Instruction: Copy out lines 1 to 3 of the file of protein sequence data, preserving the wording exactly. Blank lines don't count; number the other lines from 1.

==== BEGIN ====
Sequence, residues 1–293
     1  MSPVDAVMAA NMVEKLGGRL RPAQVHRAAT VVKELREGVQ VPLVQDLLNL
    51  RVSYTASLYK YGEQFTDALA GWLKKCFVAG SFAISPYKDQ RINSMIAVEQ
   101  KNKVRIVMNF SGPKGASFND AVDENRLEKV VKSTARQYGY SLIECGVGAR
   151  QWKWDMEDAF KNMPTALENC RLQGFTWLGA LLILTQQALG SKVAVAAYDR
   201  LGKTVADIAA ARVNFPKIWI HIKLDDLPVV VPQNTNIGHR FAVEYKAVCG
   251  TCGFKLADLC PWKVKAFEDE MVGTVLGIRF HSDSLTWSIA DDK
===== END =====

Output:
Sequence, residues 1–293
     1  MSPVDAVMAA NMVEKLGGRL RPAQVHRAAT VVKELREGVQ VPLVQDLLNL
    51  RVSYTASLYK YGEQFTDALA GWLKKCFVAG SFAISPYKDQ RINSMIAVEQ